3 things we learned from the Chicago Bears | Football | qctimes.com – Quad City Times

Matt Nagy said the Chicago Bears face a possible decision on  whether to rest outside linebacker Khalil Mack for a game, and an NFL Network report says he could go on injured reserve .
The Chicago Bears continued with only virtual availability for coaches and players Thursday after an assistant coach tested positive for COVID-19, another setback for a teamforced to deal with the virus in the last two weeks.
It is believed a strength coach became the second member of the staff sidelined, along with Matt Nagy, but rookie inside linebacker Caleb Johnson was removed from the reserve/COVID-19 list before practice.
Here are three things we learned as the Bears prepare for Sunday’s game against the San Francisco 49ers at Soldier Field.
The Bears have remained successful running the ball even after pivoting from injured starter David Montgomery to rookie Khalil Herbert and handling moving parts on the offensive line. But the passing game remains the worst in the league. The Bears are the only team in the league with more rushing yards than net passing yards, which subtracts yardage lost on sacks. Their 871 net passing yards are the fewest for a team through seven games since the Oakland Raiders in 2006.
“The ability to run the ball statistically has almost zero to do with the effectiveness of play-action pass,” Lazor said. “Teams that don’t run the ball still (can be) effective in play-action pass. Running the ball effectively helps us get first downs more than maybe it has at times in the past, which helps keep us on the field, so it gives us more opportunities. But we’ve got to be better in almost every single aspect of the passing game — our details in pass protection, our details in route running, our details in the decision making and the throwing at quarterback and then putting it all together. It’s hard.
“And there are good individual performances. I’m not saying no one is playing well. But to be honest … to stand up and say there’s a bright spot would be pretty ridiculous, I’d think.”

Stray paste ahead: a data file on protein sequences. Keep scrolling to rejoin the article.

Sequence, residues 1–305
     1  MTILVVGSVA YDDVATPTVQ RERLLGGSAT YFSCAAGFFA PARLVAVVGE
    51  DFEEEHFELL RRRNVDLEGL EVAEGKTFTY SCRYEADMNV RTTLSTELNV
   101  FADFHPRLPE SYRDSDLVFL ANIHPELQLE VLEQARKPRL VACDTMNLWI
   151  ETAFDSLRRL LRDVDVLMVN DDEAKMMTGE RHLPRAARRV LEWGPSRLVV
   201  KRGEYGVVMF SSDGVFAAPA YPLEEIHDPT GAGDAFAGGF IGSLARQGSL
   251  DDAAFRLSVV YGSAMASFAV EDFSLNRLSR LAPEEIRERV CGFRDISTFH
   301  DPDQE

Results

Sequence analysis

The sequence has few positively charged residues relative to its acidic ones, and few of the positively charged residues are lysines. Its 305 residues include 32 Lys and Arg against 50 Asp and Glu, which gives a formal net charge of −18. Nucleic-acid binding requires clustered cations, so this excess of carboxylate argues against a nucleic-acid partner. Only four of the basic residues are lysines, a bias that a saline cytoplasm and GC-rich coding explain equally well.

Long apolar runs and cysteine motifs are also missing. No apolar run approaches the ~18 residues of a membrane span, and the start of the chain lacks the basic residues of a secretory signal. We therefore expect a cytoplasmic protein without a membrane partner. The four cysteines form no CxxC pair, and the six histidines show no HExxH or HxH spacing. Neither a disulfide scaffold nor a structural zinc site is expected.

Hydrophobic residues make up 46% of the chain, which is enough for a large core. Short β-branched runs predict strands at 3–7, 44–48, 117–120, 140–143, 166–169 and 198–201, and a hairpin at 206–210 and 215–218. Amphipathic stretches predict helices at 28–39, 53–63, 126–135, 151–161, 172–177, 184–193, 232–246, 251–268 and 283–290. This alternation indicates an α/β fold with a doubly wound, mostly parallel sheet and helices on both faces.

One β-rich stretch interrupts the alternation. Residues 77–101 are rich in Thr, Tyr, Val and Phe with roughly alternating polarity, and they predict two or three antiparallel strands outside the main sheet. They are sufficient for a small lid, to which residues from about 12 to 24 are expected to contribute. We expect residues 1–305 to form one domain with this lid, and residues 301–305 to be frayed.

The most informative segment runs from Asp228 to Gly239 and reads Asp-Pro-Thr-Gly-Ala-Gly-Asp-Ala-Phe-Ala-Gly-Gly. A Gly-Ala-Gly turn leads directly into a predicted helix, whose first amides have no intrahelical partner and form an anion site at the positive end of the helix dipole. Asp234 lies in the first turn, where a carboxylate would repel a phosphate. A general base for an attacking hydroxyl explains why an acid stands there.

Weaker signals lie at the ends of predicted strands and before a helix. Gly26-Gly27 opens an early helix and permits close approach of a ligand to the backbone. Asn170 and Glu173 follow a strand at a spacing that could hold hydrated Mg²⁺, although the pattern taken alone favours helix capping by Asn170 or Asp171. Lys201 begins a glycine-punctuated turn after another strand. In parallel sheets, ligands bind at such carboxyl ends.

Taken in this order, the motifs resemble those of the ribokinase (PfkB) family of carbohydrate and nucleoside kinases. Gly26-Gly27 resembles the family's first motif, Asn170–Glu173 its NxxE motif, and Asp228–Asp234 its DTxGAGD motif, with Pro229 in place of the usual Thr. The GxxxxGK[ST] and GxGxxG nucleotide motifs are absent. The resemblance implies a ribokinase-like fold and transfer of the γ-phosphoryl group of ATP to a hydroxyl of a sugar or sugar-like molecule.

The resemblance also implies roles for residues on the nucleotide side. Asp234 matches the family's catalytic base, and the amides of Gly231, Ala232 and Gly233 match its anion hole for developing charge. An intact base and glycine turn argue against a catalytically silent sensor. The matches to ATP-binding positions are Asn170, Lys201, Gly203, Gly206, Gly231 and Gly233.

Lazor is correct. The Bears rank last in passing yards, yards per attempt and sack rate and are 31st in interception rate.
“I don’t think it has anything to do with the run game,” he said. “I think it has to do with we have to be better with the details of the pass game, fitting it together, making the plays when they’re available. And when I say making the plays, I don’t just mean jumping up and catching the ball, I mean blocking the person we’re supposed to block, being together with how we’re going to block it, the timing of the quarterback matching the timing of the firmness of protection, matching the timing of the routes. When you’re 32nd, we could spend a lot of time talking about this.”
Los Angeles Chargers coach Brandon Staley, the former Bears outside linebackers coach, would agree with Lazor that a good running game isn’t a requirement for a high-caliber play-action passing game. That element is sorely lacking for the Bears.
“You don’t need a good running game to be a good play-action team,” Staley said earlier this season. “But what you need the running game for is the physical element of the game. There’s a physicality to the game that’s real, right? If you’re just a passing team, there’s a physical element to the game that the defense doesn’t have to respect. And that’s the truth. Because the data will tell you that you don’t need a run game to play pass. … But what the running game does for you, it brings a physical dimension to the football game.